NIC case re: fortnightly pay periods
An interesting case recently heard by the First-Tier Tribunal in Edinburgh examined a taxpayer’s liability to National Insurance contributions. He typically worked on offshore drilling rigs for two weeks and then returned to Aberdeen or elsewhere on the mainland for a two week rest period. This working pattern occured throughout the period from 1983 to 1998.
The court case revolved around the unusual way in which the taxpayer was paid which resulted in two payments per month. The payments were split into one large payment immediately following the time offshore and one small retainer payment following the two weeks on the mainland. The Tribunal gave an example whereby if the taxpayer earned exactly £2,000 per month, the first payment would be for £1,931 and the second for £69. This practice, which was commonly used for offshore workers, resulted in the taxpayer paying significantly less National Insurance contributions than if he had been paid monthly.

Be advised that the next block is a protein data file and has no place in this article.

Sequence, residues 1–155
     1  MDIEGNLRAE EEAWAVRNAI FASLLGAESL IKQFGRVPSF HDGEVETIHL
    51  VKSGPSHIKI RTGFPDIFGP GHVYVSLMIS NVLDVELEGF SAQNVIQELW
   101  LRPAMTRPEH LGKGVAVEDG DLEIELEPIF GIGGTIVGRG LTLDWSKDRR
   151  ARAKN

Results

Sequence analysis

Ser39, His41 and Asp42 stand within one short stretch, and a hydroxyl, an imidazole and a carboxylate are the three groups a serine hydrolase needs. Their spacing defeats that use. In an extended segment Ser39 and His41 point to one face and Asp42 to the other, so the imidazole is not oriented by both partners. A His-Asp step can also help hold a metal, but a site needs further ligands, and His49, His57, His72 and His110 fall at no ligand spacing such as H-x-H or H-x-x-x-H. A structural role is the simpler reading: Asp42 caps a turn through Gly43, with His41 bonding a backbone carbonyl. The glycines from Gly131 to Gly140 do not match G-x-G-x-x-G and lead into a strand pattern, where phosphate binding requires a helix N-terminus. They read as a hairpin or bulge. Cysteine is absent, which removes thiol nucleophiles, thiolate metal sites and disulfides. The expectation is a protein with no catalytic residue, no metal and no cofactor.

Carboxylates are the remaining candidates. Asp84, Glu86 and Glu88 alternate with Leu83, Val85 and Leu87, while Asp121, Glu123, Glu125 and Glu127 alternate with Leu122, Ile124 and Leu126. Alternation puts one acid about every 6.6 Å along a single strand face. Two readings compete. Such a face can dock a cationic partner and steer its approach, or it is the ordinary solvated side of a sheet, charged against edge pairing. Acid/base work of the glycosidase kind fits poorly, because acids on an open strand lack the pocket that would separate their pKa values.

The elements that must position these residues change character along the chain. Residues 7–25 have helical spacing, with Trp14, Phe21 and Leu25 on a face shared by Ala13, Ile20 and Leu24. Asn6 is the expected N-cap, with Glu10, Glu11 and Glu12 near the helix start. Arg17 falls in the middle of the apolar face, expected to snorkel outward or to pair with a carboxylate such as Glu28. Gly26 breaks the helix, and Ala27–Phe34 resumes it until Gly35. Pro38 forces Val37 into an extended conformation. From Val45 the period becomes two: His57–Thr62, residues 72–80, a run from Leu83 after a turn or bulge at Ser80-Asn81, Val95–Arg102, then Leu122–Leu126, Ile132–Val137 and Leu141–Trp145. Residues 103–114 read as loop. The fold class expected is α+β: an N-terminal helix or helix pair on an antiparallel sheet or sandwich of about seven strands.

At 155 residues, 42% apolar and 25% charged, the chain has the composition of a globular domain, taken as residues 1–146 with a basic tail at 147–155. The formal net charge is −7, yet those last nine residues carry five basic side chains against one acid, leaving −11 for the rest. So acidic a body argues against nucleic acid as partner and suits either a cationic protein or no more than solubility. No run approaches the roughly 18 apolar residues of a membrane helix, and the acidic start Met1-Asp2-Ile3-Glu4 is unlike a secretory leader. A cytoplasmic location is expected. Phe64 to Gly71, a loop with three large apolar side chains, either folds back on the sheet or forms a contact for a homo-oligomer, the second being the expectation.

It transpired that this approach also affected the taxpayer’s entitlement to a state pension which was significantly reduced. This was the issue about which the taxpayer appealed. The Tribunal Judge in an interim decision gave the taxpayer hope that if he could demonstrate that he had four-weekly pay periods then a higher state pension would be due.
Ultimately, however the taxpayer was unable to demonstrate that the second ‘retainer’ payment was aggregated with the salary received earlier in the month. The Tribunal Judge whilst expressing his feelings that the taxpayer did have a valid grievance ultimately dismissed the appeal.